If you’re like the majority of writers out there, you’re a self-doubting bundle of neuroses, determined to believe that your writing will never be good enough.
That’s the life of the tortured, misunderstood writer, right?
What’s that? You think you’re pretty good at writing and actually like some of your own work?
Don’t worry, it’s just a blip. With these 5 tips you’ll soon be joining the rest of the writing community in feeling crappy about your ability and so-called “talent.”
1. Make sure that it’s never finished
You don’t really think that piece of writing is done, do you? Come on, there’s always room to finesse something and you know full well that in a couple of days you’ll think of something new to add.
It might take a year to get it finished, but hey, it’s always good to get it absolutely perfect before showing it to the world. Best to keep it on the “unfinished” pile for now.
2. Ignore any past success
If you’ve been lucky enough to get something published, online or offline, it’s probably just a case of being in the right place at the right time. Don’t fall into the trap of thinking you wrote something good, that you tapped into a rich, provocative subject, or that your words struck a chord.
Sometimes writers get lucky. The chance of it happening again is about the same as seeing Ernest Borgnine win “So You Think You Can Dance.” Nope, it’s back to square one for you.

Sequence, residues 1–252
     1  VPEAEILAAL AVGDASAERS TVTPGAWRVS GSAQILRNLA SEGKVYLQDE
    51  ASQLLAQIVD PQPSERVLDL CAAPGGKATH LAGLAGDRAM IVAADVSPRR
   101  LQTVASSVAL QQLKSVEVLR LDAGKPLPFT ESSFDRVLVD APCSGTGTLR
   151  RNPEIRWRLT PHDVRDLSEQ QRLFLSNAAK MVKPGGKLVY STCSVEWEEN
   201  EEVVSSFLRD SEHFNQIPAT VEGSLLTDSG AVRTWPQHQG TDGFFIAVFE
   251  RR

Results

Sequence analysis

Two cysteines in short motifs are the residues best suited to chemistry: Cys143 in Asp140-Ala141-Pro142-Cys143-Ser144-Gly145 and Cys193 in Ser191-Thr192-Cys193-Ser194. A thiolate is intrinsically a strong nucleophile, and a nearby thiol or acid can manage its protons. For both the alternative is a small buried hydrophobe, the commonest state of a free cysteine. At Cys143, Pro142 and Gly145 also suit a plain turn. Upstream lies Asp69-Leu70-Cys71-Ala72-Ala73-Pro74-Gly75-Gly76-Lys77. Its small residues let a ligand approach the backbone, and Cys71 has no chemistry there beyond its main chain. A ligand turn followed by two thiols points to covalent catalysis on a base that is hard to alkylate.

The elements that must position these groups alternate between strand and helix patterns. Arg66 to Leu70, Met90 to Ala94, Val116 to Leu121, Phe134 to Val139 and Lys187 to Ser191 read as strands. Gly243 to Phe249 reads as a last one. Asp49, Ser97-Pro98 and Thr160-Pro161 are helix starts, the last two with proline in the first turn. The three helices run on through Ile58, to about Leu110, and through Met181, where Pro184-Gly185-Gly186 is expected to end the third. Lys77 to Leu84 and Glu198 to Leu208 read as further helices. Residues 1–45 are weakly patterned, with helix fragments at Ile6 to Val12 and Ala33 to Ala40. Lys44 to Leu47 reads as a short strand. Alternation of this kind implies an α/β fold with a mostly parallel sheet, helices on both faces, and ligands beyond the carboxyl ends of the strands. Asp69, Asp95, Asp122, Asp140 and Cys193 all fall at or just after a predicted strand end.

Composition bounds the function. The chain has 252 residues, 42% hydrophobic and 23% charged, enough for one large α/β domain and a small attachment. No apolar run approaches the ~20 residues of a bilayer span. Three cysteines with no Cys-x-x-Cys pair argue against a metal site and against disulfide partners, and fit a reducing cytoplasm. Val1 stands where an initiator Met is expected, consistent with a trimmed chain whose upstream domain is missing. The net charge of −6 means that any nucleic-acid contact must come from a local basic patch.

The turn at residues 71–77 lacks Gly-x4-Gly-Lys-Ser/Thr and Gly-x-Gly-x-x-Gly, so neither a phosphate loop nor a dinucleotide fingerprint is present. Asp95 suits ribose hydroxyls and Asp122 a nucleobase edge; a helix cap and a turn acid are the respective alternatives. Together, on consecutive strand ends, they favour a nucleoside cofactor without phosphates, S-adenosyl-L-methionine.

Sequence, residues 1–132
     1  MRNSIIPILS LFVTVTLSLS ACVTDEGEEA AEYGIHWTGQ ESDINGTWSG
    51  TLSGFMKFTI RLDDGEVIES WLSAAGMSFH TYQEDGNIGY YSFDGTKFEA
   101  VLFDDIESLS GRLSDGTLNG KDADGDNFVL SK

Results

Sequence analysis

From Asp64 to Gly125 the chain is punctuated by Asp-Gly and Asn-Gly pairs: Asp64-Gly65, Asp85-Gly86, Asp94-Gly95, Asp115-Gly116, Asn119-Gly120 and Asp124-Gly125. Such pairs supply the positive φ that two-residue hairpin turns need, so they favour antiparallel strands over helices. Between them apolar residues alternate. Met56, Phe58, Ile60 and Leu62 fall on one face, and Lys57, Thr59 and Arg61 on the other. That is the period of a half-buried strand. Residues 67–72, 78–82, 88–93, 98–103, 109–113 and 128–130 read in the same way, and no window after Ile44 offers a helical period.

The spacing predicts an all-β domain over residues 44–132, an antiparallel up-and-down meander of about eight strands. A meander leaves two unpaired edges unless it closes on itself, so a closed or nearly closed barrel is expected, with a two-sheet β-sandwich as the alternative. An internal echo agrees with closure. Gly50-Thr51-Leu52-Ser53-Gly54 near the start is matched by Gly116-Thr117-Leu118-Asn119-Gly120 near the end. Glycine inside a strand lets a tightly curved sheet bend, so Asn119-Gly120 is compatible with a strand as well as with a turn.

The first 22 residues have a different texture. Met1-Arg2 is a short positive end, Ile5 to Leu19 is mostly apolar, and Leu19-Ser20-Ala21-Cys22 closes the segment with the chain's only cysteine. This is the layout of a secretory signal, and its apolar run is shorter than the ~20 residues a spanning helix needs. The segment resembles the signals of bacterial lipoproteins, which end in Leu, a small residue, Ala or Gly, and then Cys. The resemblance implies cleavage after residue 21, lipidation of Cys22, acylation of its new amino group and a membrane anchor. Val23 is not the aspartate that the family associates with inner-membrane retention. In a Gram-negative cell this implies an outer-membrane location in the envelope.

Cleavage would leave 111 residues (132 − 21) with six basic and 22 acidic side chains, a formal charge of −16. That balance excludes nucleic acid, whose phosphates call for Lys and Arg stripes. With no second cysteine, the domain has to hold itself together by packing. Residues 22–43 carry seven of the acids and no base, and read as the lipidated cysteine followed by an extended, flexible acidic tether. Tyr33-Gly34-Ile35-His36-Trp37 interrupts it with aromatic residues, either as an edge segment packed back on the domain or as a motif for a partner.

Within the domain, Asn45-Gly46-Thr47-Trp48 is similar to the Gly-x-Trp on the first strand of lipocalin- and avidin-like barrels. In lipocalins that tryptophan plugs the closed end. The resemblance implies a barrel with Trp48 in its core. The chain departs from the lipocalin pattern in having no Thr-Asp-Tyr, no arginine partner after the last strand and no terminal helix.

3. Recognize that the idea you had isn’t good enough
You know that idea that came to you, the one you’re pretty excited about? You might have already started writing, fuelled by a burst of enthusiasm and a spurt of passion for what you’re saying.
Hang on though — just because you think it’s a good idea doesn’t make it a good idea. Who are you to say what other people will be interested in or what’s relevant to them?
One way to improve your “great” idea is to make sure you have every angle covered and to apply a generous wash of generalism over it to make sure it has as wide an appeal as possible.
Even better, just leave it on your “Possible Ideas” list.
4. Never trust your own voice
All of your writing comes from your own head and your own experience.
And let’s face facts, that means that anything you write is probably as far off-target as penguin pie at a Greenpeace picnic.
It’s good practice to doubt what you say and how you say it. That’s what all the really good writers do.
Constant self-doubt makes sure that you’re always on edge and, most important, that you never make any mistakes or write something strange or different.
5. Give up when you feel like it
Writing’s hard. You probably already knew that. Sometimes it’s incredibly frustrating, painful and awkward to get those darn words out onto the page, and while some people say that’s part of the process and it passes, feel free to take it as a sign to give up.
Not everything you write will work and you can’t be expected to keep sweating when it gets tough.
Always remember that you started writing for the joy of it, not because it’s hard. You’re a writer, not a wrestler, so the sooner you stop grappling with that sweaty, slippery and stubborn piece of writing the sooner you can go and write something easier.
What’s that you say?
Of course, I suppose it’s possible that you don’t want to feel crappy about your writing. If that’s the case, I guess you could try doing the reverse of these five pieces of advice.
Then again, that would probably never work. Forget I mentioned it.
About the Author: As a leading confidence coach with clients right around the world, Steve Errey has a reputation for talking sense and getting results. Get more from him at The Confidence Guy.